14. Waking Life (Richard Linklater, 2001)
A film shot in an esque style, Waking Life has a singular narrative. The protagonist – name here – is a man in search for his awakening to the material world, while living in one that seems stranger and stranger as the story progresses. He meets several individuals, each with their personal views on existential and political matters, and each discussing such matters in a never-ending series of intuitive dialogues.
The virtue of Waking Life starts to unfold itself when the spectator notices that (protagonist) actually begins to fancy the idea of living his own dreams, while also crafting them and making them bend to his will. His enthusiasm, however, does not last long, and he soon sees himself desperate to comprehend the life-dream frontier, as he is exposed to numerous surreal experiences, nihilistic characters, and bothersome déjà-vus.
Make no mistake when scrutinising the dialogue of the film; everything makes perfect sense. Some lines are harder to connect to the rest of the film’s mythos than others. Some are more didactic and cathartic, while others incite self-reflection. Once one finds the path through the internal allusions of its daring discussions, one can better understand why the film refers so reiteratively to the pathetic existence in which we are inserted and how dreams are personal safe havens unexplored by our still shallow minds.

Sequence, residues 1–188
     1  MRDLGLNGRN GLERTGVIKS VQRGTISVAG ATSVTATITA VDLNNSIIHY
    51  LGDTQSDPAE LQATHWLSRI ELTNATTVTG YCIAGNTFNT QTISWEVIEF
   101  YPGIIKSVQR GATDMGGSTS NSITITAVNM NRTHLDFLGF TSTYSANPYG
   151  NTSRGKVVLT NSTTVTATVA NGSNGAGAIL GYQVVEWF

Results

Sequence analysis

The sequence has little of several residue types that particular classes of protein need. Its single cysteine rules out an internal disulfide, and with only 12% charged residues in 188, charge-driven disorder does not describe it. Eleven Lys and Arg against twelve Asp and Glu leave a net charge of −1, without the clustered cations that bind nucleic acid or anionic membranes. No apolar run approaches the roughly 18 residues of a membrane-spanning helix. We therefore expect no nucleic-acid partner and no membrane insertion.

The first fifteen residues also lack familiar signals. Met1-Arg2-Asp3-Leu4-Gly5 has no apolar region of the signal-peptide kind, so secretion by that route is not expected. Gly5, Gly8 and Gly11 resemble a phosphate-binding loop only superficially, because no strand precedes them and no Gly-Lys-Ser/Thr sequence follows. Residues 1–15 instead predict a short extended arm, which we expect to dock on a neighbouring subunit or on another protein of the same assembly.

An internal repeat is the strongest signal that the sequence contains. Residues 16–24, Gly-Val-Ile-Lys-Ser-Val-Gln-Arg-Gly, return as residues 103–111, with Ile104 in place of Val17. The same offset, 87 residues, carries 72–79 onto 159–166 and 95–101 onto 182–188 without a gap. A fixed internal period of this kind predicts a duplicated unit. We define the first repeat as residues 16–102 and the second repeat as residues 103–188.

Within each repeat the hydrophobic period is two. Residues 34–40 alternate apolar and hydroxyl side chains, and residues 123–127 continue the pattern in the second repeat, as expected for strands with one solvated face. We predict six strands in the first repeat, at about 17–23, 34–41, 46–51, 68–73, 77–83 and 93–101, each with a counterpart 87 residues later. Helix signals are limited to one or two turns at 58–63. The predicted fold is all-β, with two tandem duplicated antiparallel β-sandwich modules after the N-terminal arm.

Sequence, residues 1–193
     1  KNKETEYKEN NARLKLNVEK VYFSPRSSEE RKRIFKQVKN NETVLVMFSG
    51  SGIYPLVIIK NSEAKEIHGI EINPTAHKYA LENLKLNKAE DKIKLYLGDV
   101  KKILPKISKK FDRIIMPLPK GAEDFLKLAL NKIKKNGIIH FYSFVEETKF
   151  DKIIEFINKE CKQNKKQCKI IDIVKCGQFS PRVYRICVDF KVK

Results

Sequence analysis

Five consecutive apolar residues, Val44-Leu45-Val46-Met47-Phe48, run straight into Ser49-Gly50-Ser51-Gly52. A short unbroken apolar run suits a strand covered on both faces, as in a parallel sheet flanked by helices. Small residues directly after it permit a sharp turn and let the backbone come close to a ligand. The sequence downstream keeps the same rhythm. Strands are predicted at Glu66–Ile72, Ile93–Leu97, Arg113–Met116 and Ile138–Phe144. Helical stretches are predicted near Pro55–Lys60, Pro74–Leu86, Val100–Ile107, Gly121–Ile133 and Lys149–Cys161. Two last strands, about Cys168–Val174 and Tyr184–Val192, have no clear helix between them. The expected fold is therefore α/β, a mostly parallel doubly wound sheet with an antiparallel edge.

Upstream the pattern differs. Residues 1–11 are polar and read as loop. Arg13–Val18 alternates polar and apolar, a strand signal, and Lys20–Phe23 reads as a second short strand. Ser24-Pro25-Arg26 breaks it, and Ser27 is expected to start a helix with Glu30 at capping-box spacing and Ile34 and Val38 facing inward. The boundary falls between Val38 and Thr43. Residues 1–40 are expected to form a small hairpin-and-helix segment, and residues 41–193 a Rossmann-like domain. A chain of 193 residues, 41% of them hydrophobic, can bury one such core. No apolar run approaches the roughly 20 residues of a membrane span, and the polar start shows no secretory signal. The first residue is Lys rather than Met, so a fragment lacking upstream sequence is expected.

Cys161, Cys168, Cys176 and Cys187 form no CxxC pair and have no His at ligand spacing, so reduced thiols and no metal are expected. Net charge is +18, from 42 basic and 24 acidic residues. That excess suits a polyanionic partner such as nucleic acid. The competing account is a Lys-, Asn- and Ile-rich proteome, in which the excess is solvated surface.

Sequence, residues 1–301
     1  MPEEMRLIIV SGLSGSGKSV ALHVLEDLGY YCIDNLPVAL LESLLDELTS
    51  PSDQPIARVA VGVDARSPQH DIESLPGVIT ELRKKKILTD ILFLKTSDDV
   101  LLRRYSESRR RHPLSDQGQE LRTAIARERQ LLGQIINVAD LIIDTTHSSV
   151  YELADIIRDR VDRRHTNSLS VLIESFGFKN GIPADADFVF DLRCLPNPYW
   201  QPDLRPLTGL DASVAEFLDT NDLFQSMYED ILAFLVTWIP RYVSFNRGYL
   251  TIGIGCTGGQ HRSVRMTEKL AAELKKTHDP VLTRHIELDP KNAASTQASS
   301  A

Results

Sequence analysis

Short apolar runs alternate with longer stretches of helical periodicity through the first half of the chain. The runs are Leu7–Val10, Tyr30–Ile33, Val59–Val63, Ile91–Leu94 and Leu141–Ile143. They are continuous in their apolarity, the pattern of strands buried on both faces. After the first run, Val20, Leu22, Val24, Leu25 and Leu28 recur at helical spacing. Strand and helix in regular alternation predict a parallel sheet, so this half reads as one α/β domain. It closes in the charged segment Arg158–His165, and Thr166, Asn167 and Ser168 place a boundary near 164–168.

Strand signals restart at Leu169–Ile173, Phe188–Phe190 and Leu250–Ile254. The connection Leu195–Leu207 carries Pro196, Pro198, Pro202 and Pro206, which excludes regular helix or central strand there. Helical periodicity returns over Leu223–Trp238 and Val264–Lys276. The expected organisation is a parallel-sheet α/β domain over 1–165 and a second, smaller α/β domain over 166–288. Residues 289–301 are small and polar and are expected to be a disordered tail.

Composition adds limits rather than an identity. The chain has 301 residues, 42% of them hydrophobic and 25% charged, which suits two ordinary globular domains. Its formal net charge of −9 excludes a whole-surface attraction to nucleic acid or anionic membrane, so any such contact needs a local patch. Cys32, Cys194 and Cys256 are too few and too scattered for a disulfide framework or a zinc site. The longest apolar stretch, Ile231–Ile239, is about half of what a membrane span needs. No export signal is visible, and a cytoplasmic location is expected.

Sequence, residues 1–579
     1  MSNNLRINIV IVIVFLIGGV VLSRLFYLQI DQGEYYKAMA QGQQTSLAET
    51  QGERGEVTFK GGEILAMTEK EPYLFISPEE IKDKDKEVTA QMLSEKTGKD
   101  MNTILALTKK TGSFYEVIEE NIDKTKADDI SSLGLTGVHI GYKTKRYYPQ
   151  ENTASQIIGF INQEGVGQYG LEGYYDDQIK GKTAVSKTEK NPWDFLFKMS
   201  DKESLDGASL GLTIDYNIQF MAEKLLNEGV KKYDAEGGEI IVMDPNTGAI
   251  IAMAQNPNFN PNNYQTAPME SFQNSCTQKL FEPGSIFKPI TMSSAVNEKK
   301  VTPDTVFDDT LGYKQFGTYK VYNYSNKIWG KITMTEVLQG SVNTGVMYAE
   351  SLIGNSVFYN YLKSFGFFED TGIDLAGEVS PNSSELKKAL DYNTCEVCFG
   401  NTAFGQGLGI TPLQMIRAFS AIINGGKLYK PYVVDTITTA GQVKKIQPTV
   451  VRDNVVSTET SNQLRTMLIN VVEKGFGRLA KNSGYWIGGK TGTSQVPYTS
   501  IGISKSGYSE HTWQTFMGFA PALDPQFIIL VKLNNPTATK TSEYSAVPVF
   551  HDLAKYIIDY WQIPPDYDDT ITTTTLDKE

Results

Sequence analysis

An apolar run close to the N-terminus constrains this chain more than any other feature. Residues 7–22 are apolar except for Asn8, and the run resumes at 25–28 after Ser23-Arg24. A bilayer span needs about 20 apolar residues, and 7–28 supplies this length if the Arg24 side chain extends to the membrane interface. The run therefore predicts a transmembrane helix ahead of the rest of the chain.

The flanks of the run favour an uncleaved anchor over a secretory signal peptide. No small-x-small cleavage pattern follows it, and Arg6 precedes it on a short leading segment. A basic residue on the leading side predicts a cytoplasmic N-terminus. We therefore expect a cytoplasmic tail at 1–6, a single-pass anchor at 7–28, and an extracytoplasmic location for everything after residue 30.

Dreams that could be touched upon through a deeper understanding of what makes such a life so pathetic. Its rotoscope style – this is not the only one of Linklater’s surreal narratives told in such a way – only adds to the careful designing of a fictional universe where bodies bend, minds find themselves in eternal dreaming, and old memories unite with new ones.
13. Warning Shadows (Arthur Robison, 1923)
A pompous dinner is held at the manor of a rich nobleman and his wife. Four guests feel a bit too invasive and start flirting with the woman, whereas the husband thinks little of the moves. A shadow-player attends the event and displays his talents to the people present.
Warning Shadows, the second item of the German Expressionist cinema in this list, displays the range of creativity in tinkering with film techniques uncommon in an early age of cinema. Lighting here is crucial, and the shadow-player arranges the dark silhouettes of the guests skilfully, entertaining them just as much as he inspires estrangement in the room. That estrangement reaches its peak when the man absorbs everyone’s shadows and puts them to sleep.
In such a dream world – referred to in the original German title of the film as a hallucination; and since there is no dialogue whatsoever, that is the bit of verbal narrative that we have access to, he warns the nobleman, his wife, and the naughty guests of the tragedies that could happen should they go on with the flirting and a culminating betrayal. As they are brought back to reality, sadness takes over the countenances of the four guests, whereas love is re-established between the couple.
Arthur Robison and his production team played with shadows and the power that the unconscious has to reiterate or ignore morality, but also with the power that cinema has to amaze with use of simple “magic” in an era with primitive special effects possibilities (the name Méliès comes to mind, inevitably).
12. The Woman in the Window (Fritz Lang, 1944)